Media centre | News | Statement by WHO's Regional Director for the Eastern Mediterranean Dr Ahmed Al-Mandhari on regional solidarity during the COVID-19 pandemic

Statement by WHO's Regional Director for the Eastern Mediterranean Dr Ahmed Al-Mandhari on regional solidarity during the COVID-19 pandemic

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20 May 2020 – The current COVID-19 pandemic has shown us all the severe and unimaginable impact that a public health threat can have on individuals, communities and nations. We have often said that infectious diseases respect no borders, and that an outbreak in one country can threaten the health security of the Region and beyond. Today, we are witnessing this warning become a reality of alarming scale and proportion.

With almost 5 million people affected, including more than 300 000 killed, entire countries under lockdown, and economies plummeting, people around the world are experiencing unprecedented levels of isolation, anxiety and fear of what lies ahead.

But within this dark reality, there are glimmers of hope and solidarity that show humanity at its best when faced with a common enemy. Communities have come together like never before, showing support to each other and all workforces involved in the response.

Community volunteers in Islamic Republic of Iran produced hundreds of thousands of masks to help people stay protected. In Sudan, pharmacy students came together to distribute one million hand sanitizers to poor families. In Egypt, youth organizations collaborated to launch an initiative to support the mental health of their peers. In Jordan, as the country faced the height of its lockdown, community volunteers and youth groups, in coordination with the Ministry of Health, delivered medications to patients with chronic diseases.

We have also seen unprecedented levels of solidarity by countries in our Region to the global and regional response, with a focus on swift action and support to the most vulnerable countries.

The African Union, of which 7 countries in our Region are members, has come together once more under the leadership of the Ethiopian Prime Minister to support countries in need with COVID-19 supplies.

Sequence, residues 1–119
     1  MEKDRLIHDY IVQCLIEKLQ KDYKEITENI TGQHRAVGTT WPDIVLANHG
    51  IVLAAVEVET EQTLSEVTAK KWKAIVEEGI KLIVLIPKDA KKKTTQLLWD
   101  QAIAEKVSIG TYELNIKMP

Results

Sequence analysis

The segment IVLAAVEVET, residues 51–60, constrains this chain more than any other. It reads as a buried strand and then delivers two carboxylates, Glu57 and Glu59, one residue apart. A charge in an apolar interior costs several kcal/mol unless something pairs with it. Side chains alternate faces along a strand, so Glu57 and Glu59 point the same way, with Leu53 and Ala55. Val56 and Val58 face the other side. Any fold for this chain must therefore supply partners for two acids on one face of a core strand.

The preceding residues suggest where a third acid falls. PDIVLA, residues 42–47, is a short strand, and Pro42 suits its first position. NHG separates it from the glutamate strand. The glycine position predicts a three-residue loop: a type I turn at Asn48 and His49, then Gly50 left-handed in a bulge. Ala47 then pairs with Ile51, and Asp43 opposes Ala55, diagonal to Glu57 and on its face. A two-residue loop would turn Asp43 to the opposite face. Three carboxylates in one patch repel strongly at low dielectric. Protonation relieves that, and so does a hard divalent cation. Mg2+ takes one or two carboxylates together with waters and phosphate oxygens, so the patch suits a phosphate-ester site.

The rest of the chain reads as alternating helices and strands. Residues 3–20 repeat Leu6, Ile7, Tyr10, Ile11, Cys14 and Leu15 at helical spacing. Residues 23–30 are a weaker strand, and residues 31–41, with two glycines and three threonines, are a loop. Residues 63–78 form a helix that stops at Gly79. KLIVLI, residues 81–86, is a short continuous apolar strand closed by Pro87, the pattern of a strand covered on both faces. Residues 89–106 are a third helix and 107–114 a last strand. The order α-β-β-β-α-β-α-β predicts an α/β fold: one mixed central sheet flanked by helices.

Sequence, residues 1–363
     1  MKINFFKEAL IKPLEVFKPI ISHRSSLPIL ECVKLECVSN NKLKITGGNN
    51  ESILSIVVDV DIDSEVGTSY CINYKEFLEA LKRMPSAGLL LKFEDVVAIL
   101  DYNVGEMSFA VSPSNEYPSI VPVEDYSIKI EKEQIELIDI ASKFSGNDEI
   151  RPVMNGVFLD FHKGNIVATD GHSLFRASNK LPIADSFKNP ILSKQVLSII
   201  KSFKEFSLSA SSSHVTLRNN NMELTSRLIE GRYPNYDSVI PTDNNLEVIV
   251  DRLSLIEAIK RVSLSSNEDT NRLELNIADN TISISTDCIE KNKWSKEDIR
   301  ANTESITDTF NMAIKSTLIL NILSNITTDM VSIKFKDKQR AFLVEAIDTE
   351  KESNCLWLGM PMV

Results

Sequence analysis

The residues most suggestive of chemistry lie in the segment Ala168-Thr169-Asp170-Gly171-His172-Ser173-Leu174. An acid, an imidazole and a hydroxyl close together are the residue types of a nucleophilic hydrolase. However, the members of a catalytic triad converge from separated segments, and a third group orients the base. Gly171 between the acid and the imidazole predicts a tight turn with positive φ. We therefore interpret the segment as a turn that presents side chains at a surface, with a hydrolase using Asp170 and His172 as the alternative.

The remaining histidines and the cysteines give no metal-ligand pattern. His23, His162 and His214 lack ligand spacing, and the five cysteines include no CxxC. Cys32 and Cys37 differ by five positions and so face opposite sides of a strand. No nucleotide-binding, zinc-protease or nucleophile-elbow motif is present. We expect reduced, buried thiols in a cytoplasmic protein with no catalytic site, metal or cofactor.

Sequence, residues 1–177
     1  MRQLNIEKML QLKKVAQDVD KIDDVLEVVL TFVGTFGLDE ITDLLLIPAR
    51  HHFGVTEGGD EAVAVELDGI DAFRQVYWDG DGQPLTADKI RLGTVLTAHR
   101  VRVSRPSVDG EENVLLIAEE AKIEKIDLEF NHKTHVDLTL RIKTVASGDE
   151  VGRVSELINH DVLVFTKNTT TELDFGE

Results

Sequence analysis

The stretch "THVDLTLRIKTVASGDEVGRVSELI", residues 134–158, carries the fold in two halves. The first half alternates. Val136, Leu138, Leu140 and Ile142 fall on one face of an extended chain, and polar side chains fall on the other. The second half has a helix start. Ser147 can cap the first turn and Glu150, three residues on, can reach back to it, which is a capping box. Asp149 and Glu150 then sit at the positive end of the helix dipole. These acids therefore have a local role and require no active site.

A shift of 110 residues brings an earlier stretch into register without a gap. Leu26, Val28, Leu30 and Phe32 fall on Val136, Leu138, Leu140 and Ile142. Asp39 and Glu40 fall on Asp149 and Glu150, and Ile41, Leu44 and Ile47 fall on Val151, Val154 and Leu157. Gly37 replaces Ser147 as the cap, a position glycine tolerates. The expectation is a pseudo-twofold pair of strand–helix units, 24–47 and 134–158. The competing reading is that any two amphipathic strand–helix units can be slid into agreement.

Egypt has delivered COVID-19 supplies to Sudan, Italy, China and the United States on 6 planes loaded with aid, and an additional 10 tonnes of equipment to protect thousands of health care workers fighting tirelessly on the frontlines of the battle against this disease.

Saudi Arabia facilitated a charter flight to carry urgently needed WHO COVID-19 response supplies to Yemen and has also donated US$ 10 million to WHO’s global response plan and US$ 10 million to fighting COVID-19 in Yemen specifically. The current G20 chair, Saudi Arabia also recently pledged US$ 500 million to support global efforts to combat the pandemic.

Jordan has sent doctors and medical equipment to the United States, protective equipment for health care workers to Japan, medicines to Tunisia, and protective equipment and supplies to Belgium.

Kuwait remains one of the top donors contributing to WHO’s global and regional COVID-19 response plans, allowing WHO to scale up its activities worldwide, including in 6 countries of our Region with some of the most vulnerable populations, including refugees.

Oman donated swabs and testing kits to Yemen, and generously opened its borders to facilitate delivery of COVID-19 supplies into the war-torn country.

Just a few days ago, Qatar sent a shipment of 10 tonnes of supplies to Somalia, which will benefit all regions of the country that have urgent needs. Earlier this month, Qatar also delivered several shipments of 25 tonnes of medical aid to the Democratic Republic of Congo, the Republic of Albania and the Republic of Angola to support their response efforts. Qatar has also delivered 85 tonnes of supplies to Islamic Republic of Iran, Italy, Lebanon, Tunisia, Algeria, Nepal and Rwanda.

The United Arab Emirates provided four charter flights from our logistics hub in Dubai that allowed WHO and partners to deliver urgently needed supplies and technical teams to Islamic Republic of Iran, Somalia, and Ethiopia. Recently, United Arab Emirates also provided WHO with an-kind donation of US$ 10 million worth of PCR testing kits, enough to provide 500 000 tests for suspected COVID-19 patients. These tests will significantly scale up testing capacity in Africa and our Region as we race to contain further transmission.

These heartwarming examples of regional solidarity and beyond are a powerful reminder that what we have in common is stronger than the differences that drive us apart. More than ever, as global health is under fire, we need to continue to stand firmly together for the sake of the common good.

While much has been done – and continues to be done – we need to keep building on this positive momentum. Let us use this pandemic as an opportunity and mark it as the moment that countries put their differences aside. We have been starkly reminded that no one is safe, until every single person is safe, regardless of geographical location or political affiliation. Let us use health as a bridge to peace, as we have successfully done in the past.

As we work together for the sake of humanity, let us also remember our regional vision, now clearer than ever before, that “health for all” can only be achieved “by all”.